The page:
Sedimentary Structures
  • Such sedimentary structures
  • as desiccation cracks and ripple marks,
  • as well as fossil amphibians and reptiles and
    their tracks,
  • indicate deposition in a variety of continental
  • including stream channels, floodplains, and fresh
    and brackish water ponds
  • Thin tongues of marine limestones
  • indicate brief incursions of the sea,
  • while local beds with gypsum and halite crystal
  • attest to a rather arid climate

Shinarump and Chinle
  • Unconformably overlying the Moenkopi
  • is the Upper Triassic Shinarump Conglomerate,
  • a widespread unit generally less than 50 m thick
  • Above the Shinarump
  • are the multicolored shales, siltstones, and
  • of the Upper Triassic Chinle Formation
  • This formation is widely exposed
  • throughout the Colorado Plateau
  • and is probably most famous for its petrified
  • spectacularly exposed in Petrified Forest
    National Park, Arizona

Triassic and Jurassic Formations
  • Triassic and Jurassic formations in the western
    United States

Petrified Wood and Plants Fossils
  • Whereas fossil ferns are found here,
  • the park is best known for
  • its abundant and beautifully preserved logs
  • of gymnosperms especially conifers
  • and plants called cycads
  • Fossilization resulted from the silicification of
    the plant tissues
  • Weathering of volcanic ash beds
  • interbedded with fluvial and deltaic Chinle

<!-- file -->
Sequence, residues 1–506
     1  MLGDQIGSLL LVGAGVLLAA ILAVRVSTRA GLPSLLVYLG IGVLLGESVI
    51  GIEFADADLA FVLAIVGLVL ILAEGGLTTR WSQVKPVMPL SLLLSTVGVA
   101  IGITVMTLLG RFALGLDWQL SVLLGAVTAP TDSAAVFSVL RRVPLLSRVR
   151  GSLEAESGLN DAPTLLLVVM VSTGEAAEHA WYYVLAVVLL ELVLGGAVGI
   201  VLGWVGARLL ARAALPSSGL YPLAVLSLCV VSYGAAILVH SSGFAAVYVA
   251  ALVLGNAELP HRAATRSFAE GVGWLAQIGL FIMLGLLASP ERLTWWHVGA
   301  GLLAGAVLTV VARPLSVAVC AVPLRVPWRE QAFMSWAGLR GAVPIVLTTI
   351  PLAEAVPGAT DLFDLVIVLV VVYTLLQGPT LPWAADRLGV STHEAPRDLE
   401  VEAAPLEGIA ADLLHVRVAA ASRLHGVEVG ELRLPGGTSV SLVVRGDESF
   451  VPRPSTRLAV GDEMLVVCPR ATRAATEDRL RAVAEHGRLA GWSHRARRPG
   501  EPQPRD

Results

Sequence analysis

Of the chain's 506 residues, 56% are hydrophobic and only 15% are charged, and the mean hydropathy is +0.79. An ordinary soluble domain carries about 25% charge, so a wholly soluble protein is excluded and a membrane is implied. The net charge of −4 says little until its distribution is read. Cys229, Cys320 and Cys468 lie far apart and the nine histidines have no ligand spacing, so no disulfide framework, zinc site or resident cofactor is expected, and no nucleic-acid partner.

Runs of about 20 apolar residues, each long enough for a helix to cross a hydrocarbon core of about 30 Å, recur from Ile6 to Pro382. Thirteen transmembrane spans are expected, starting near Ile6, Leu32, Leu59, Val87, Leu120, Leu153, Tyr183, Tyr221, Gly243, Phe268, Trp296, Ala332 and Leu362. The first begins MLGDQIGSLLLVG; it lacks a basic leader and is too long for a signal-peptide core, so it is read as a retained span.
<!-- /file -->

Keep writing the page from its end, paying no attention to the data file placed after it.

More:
• provided most of the silica for silicification

  • Some trees were preserved in place,
  • but most were transported during floods
  • and deposited on sandbars
  • and on floodplains,
  • where fossilization took place
  • After burial, silica-rich groundwater
  • percolated through the sediments
  • and silicified the wood

Other Fossils
  • Though best known for its petrified wood, the
    Chinle Formation has also yielded fossils of
  • labyrinthodont amphibians,
  • phytosaurs,
  • and small dinosaurs

Upward in the Stratigraphy
  • The Wingate Sandstone,
  • a desert dune deposit,
  • and the Kayenta Formation,
  • a stream and lake deposit,
  • overlie the Chinle Formation
  • These two formations are well exposed
  • in southwestern Utah

Triassic and Jurassic Formations
  • Triassic and Jurassic formations in the western
    United States

Early Jurassic Sandstones
  • The thickest and most prominent of the Jurassic
    cross-bedded sandstones
  • is the Navajo Sandstone,
  • a widespread formation
  • that accumulated in a coastal dune environment
  • along the southwestern margin of the craton

Navajo Sandstone, Zion Canyon
Navajo Sandstone, Zion Canyon
  • View of East Entrance of Zion Canyon, Zion
    National Park, Utah
  • The light-colored massive rocks
  • are the Jurassic Navajo Sandstone
  • while the slope-forming rocks below the Navajo
  • are the Upper Triassic Kayenta Formation

Navajo Sandstone, Zion Canyon
Navajo Sandstone's Large-Scale Cross-Beds
  • The Navajo Sandstone's most distinguishing
  • is its large-scale cross-beds,
  • some of which are more than 25 m high

Navajo Sandstone
  • Large cross-beds of the Jurassic Navajo Sandstone
    in Zion National Park, Utah

Sundance Sea
  • The upper part of the Navajo
  • contains smaller cross-beds
  • as well as dinosaur and crocodilian fossils
  • Marine conditions returned to the region
  • during the Middle Jurassic
  • when a seaway called the Sundance Sea
  • twice flooded the interior of western North

Sundance Sea
  • The resulting deposits,